Valencia A, Pazos F: Computational methods for the prediction of protein interactions. Current Opinion in Structural Biology 2002, 12(3):368–373. [http://www.sciencedirect.com/science/article/B6VS6–469GK4C-J/2/9c30d085fb9e074bbf1d33355fd723f5] 10.1016/S0959-440X(02)00333-0
Berggård T, Linse S, James P: Methods for the detection and analysis of protein-protein interactions. Proteomics 2007, 7(16):2833–2842. 10.1002/pmic.200700131
Bork P, Dandekar T, Diaz-Lazcoz Y, Eisenhaber F, Huynen M, Yuan Y: Predicting function: from genes to genomes and back. Journal of Molecular Biology 1998, 283(4):707–725. [http://www.sciencedirect.com/science/article/B6WK7–45S492P-35/2/10490c37ccfb97ae7e78adebce867c5a] 10.1006/jmbi.1998.2144
Hegyi H, Gerstein M: Annotation Transfer for Genomics: Measuring Functional Divergence in Multi-Domain Proteins. Genome Research 2001, 11(10):1632–1640. [http://genome.cshlp.org/content/11/10/1632.abstract] 10.1101/gr. 183801
Walhout AJ, Sordella R, Lu X, Hartley JL, Temple GF, Brasch MA, Thierry-Mieg N, Vidal M: Protein Interaction Mapping in C. elegans Using Proteins Involved in Vulval Development. Science 2000, 287(5450):116–122. [http://www.sciencemag.org/cgi/content/abstract/287/5450/116] 10.1126/science.287.5450.116
Matthews LR, Vaglio P, Reboul J, Ge H, Davis BP, Garrels J, Vincent S, Vidal M: Identification of Potential Interaction Networks Using Sequence-Based Searches for Conserved Protein-Protein Interactions or "Interologs". Genome Research 2001, 11(12):2120–2126. [http://genome.cshlp.org/content/11/12/2120.abstract] 10.1101/gr.205301
Huang TW, Tien AC, Huang WS, Lee YCG, Peng CL, Tseng HH, Kao CY, Huang CYF: POINT: a database for the prediction of protein-protein interactions based on the orthologous interactome. Bioinformatics 2004, 20(17):3273–3276. [http://bioinformatics.oxfordjournals.org/content/20/17/3273.abstract] 10.1093/bioinformatics/bth366
Lehner B, Fraser A: A first-draft human protein-interaction map. Genome Biology 2004, 5(9):R63. [http://genomebiology.com/2004/5/9/R63] 10.1186/gb-2004-5-9-r63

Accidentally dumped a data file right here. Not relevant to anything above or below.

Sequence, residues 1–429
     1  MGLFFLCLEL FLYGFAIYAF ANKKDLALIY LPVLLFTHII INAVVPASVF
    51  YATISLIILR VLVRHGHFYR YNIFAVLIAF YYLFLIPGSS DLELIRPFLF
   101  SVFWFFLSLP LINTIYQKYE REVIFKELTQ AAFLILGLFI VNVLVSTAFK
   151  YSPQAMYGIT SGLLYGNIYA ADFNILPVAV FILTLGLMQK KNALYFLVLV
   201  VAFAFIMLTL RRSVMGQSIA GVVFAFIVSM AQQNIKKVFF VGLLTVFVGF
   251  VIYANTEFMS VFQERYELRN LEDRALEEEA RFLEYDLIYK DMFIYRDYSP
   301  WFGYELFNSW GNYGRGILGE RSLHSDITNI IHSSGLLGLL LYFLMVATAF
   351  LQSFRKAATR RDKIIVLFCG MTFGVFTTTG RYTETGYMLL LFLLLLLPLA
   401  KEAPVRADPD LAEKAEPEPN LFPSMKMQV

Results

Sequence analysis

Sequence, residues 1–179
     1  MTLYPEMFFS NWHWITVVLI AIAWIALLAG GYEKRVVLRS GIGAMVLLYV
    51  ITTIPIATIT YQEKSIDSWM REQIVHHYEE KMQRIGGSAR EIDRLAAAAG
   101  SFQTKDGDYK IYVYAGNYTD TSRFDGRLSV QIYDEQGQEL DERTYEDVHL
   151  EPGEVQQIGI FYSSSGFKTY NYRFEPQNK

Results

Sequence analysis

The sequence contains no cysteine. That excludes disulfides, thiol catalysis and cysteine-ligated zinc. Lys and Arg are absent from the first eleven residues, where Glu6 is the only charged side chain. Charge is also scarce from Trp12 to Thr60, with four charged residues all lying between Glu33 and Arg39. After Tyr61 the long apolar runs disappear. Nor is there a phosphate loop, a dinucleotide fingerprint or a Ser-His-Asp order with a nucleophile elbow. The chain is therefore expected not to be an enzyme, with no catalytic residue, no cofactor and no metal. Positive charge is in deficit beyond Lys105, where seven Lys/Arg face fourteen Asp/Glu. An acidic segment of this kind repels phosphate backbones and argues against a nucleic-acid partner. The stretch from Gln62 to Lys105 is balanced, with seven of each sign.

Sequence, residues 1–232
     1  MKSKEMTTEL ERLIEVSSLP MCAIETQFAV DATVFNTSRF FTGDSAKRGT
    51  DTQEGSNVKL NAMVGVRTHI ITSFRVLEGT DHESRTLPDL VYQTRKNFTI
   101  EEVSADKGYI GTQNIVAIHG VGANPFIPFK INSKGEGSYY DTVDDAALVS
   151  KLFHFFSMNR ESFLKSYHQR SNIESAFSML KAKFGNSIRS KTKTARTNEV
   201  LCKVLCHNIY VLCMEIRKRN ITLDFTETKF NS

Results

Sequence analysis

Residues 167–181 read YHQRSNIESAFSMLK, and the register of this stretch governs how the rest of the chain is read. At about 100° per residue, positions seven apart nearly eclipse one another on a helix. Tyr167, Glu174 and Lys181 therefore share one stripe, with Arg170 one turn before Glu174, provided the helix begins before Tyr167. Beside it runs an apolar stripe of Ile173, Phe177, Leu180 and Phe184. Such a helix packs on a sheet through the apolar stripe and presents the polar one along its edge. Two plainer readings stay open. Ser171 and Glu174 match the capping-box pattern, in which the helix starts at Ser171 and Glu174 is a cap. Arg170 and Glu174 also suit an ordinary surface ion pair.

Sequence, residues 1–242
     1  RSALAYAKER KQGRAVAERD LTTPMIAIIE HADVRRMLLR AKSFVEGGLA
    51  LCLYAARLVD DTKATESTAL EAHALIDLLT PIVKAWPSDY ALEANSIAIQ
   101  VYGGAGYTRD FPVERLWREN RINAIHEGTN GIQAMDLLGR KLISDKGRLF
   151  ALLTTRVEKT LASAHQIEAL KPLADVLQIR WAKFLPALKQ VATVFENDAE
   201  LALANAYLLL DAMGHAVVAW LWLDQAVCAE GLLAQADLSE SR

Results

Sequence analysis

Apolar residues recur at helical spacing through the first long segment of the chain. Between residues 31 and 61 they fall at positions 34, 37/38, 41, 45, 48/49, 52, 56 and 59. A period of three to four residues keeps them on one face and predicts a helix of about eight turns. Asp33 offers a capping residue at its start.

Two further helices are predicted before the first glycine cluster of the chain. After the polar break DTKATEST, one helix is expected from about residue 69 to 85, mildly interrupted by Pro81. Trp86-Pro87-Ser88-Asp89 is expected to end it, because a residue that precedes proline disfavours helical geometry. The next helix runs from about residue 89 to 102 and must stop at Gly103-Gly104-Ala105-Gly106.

Brown KR, Jurisica I: Online Predicted Human Interaction Database. Bioinformatics 2005, 21(9):2076–2082. [http://bioinformatics.oxfordjournals.org/content/21/9/2076.abstract] 10.1093/bioinformatics/bti273
Persico M, Ceol A, Gavrila C, Hoffmann R, Florio A, Cesareni G: HomoMINT: an inferred human network based on orthology mapping of protein interactions discovered in model organisms. BMC Bioinformatics 2005, 6(Suppl 4):S21. [http://www.biomedcentral.com/1471–2105/6/S4/S21] 10.1186/1471-2105-6-S4-S21
Kemmer D, Huang Y, Shah S, Lim J, Brumm J, Yuen M, Ling J, Xu T, Wasserman W, Ouellette BF: Ulysses - an application for the projection of molecular interactions across species. Genome Biology 2005, 6(12):R106. [http://genomebiology.com/2005/6/12/R106] 10.1186/gb-2005-6-12-r106
Gandhi TKB, Zhong J, Mathivanan S, Karthick L, Chandrika KN, Mohan SS, Sharma S, Pinkert S, Nagaraju S, Periaswamy B, Mishra G, Nandakumar K, Shen B, Deshpande N, Nayak R, Sarker M, Boeke JD, Parmigiani G, Schultz J, Bader JS, Pandey A: Analysis of the human protein interactome and comparison with yeast, worm and fly interaction datasets. Nat Genet 2006, 38(3):285–293. 10.1038/ng1747
Huang TW, Lin CY, Kao CY: Reconstruction of human protein interolog network using evolutionary conserved network. BMC Bioinformatics 2007, 8: 152. [http://www.biomedcentral.com/1471–2105/8/152] 10.1186/1471-2105-8-152
Wojcik J, Boneca IG, Legrain P: Prediction, Assessment and Validation of Protein Interaction Maps in Bacteria. Journal of Molecular Biology 2002, 323(4):763–770. [http://www.sciencedirect.com/science/article/B6WK7–473VN5W-F/2/786fdc31b9e4e8c7bc795c0f423c5859] 10.1016/S0022-2836(02)01009-4
Sharan R, Ideker T, Kelley B, Shamir R, Karp RM: Identification of Protein Complexes by Comparative Analysis of Yeast and Bacterial Protein Interaction Data. Journal of Computational Biology 2005, 12(6):835–846. [http://www.liebertonline.com/doi/abs/10.1089/cmb.2005.12.835] 10.1089/cmb.2005.12.835
Wuchty S, Ipsaro JJ: A Draft of Protein Interactions in the Malaria Parasite P. falciparum. Journal of Proteome Research 2007, 6(4):1461–1470. [http://pubs.acs.org/doi/abs/10.1021/pr0605769] 10.1021/pr0605769
He F, Zhang Y, Chen H, Zhang Z, Peng YL: The prediction of protein-protein interaction networks in rice blast fungus. BMC Genomics 2008, 9: 519. [http://www.biomedcentral.com/1471–2164/9/519] 10.1186/1471-2164-9-519